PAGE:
Following fast on the heels of a rival development team at Novartis ($NVS), Eli Lilly ($LLY) has posted a superior therapeutic profile for its experimental late-stage psoriasis drug ixekizumab compared to Pfizer's ($PFE) and Amgen's ($AMGN) Enbrel in a head-to-head study. And Lilly says the results from a set of Phase III studies are good enough to back a regulatory filing in the first half of 2015 for its IL-17A therapy as it races to gain some new approvals following a punishing onslaught of generic competition to its top drug franchises.
Here are the relevant numbers reported by Lilly: "For patients treated with ixekizumab either every four weeks or every two weeks, between 78 to 90 percent of patients achieved at least a 75 percent reduction in PASI score (PASI 75) at 12 weeks. Additionally, 31 to 41 percent of these patients achieved PASI 100, or clear skin, at week 12. For comparison, between 5 to 7 percent of patients treated with etanercept (Enbrel) in the UNCOVER-2 and 3 studies achieved PASI 100."
This is one of the most competitive fields in late-stage research, though, and Lilly won't be up against Enbrel when it hits the market, provided it pulls in an approval.
Just days ago Novartis pumped out more positive Phase III data for its IL-17 treatment secukinumab, demonstrating that over half of the patients in the experimental drug arm achieved a skin clearance rate of 90% or more, with just 20.7% of the patients in the Enbrel arm doing the same. Amgen and AstraZeneca, meanwhile, have been hurrying along brodalumab. Celgene recently won an approval for Otezla (the oral apremalist) for psoriatic arthritis and filed its application on psoriasis last fall. Merck's ($MRK) MK-3222 is also coming along. And cheaper biosimilars of Enbrel have been pushed along by Cipla and Novartis and others.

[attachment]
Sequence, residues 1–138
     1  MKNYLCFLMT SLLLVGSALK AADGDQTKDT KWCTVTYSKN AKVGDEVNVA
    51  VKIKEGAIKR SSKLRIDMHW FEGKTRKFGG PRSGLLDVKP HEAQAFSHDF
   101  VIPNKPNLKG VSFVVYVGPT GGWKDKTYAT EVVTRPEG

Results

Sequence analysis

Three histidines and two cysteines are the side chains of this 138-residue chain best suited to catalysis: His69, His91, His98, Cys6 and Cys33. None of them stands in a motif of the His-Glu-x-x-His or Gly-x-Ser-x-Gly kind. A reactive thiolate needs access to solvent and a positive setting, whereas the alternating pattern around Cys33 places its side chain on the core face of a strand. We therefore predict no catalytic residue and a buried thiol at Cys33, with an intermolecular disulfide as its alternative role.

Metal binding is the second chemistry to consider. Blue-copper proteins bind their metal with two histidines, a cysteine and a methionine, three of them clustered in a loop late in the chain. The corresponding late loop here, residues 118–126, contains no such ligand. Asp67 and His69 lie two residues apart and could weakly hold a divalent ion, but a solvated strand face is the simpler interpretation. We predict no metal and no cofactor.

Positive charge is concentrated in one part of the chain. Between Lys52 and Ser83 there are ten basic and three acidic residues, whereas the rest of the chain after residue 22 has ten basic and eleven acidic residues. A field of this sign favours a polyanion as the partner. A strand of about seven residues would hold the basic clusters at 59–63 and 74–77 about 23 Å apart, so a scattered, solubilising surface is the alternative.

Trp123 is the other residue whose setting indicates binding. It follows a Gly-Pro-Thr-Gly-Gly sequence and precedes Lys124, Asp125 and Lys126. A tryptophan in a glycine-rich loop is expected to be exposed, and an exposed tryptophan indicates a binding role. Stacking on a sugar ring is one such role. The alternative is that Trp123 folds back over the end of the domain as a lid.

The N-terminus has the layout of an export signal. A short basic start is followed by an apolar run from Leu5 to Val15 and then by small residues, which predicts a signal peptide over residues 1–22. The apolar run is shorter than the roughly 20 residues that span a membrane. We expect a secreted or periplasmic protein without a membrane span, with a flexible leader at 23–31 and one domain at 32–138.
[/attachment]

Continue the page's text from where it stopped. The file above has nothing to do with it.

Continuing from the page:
Coming up from behind is Johnson & Johnson's guselkumab, which is moving into Phase III this year. The drug targets IL23p19 and is partnered with MorphoSys AG. The drug is touted as a top contender in J&J's pipeline, with a prospective approval coming in the 2015-2017 time frame.
Lilly, meanwhile, is happy to be among the leaders in the late-stage rush to the FDA.
"These data appear to confirm our hypothesis--that IL-17A is a major driver of excess keratinocyte (skin cell) proliferation and activation in psoriasis," said Tom Bumol, senior vice president of biotech discovery research, Lilly Research Laboratories.
- here's the release